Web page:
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Comment Re:Queue The Anarchist & Druggie Comments In.. (Score 1) 318

Rapists don't cause rape, rape laws cause rape.

FTFY. Do you not see where your reasoning is flawed? Your argument essentially boils down to, "people will do whatever they want to do and laws cannot stop that." and also implies that since (a) alcohol is a Bad Thing and (b) alcohol is legal, that other Bad Things should be legal as well. Finally it assumes that people who take hard drugs and become addicts are simply exercising their God-given right to do what they want with their own bodies. Again I say, when those people become so addicted that they become a drain on society, they become everyone's problem.

Two or more wrongs do not equal a right. No law is 100% effective. No man is an island, and what we do or don't do *does* affect others.

Comment Re:Queue The Anarchist & Druggie Comments In.. (Score 1) 318

Drugs have not always been the problem that they are today. When someone becomes so addicted that they can't function then they become a burden on society, and that makes it everyone's problem. Some of these responses I see are so wrapped up in self-congratulatory "Look at me! I'm *compassionate*" declarations that they're almost parody.

Comment Re:Queue The Anarchist & Druggie Comments In.. (Score 1) 318

Your solution to crime is to make nothing illegal. What is solved? You cannot seriously be arguing that hard drugs are a (tm)Good Thing and that everyone should have free or even subsicized access to them. I say this as a pretty regular marijuana smoker. There's a vast world of difference too between the bright internet, that tries to protect the privacy of its users, and the dark internet, which has become a wretched hive of scum and villainy. No, you can't blame the technology, but you can sure blame the people that (ab)use it.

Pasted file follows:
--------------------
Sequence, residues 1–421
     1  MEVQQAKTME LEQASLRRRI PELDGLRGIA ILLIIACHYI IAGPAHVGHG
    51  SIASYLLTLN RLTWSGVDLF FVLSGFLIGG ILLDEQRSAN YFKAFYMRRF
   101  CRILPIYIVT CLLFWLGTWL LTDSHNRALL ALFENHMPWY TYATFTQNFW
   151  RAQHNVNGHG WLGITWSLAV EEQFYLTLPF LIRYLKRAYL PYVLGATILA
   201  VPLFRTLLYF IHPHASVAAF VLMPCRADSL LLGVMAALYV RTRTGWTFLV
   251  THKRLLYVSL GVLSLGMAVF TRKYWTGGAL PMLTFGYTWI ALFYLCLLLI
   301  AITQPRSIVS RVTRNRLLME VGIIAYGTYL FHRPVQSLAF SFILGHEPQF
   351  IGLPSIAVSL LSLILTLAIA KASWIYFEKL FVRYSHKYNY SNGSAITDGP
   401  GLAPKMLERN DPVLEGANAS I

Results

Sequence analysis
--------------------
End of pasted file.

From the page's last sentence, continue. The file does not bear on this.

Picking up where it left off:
Submission + - Senators Push to Preserve N.S.A. Phone Surveillance (nytimes.com)

cold fjord writes: The New York times reports that the Chairman of the Senate Intelligence Committee, Senator Dianne Feinstein (D-CA), and Vice Chairman, Senator Saxby Chambliss (R-GA), are moving a bill forward that would “change but preserve” the controversial NSA phone log program. Senator Feinstein believes the program is legal, but wants to improve public confidence. The bill would reduce the time the logs could be kept, require public reports on how often it is used, and require FISA court review of the numbers searched. The bill would require Senate confirmation of the NSA director. It would also give the NSA a one week grace period in applying for permission from a court to continue surveillance of someone that travels from overseas to the United States. The situation created by someone traveling from overseas to the United States has been the source of the largest number of incidents in the US in which NSA's surveillance rules were not properly complied with. The rival bill offered by Senators Wyden (D-OR) and Udall (D-CO) which imposes tougher restrictions is considered less likely to pass. More at The New York Times.

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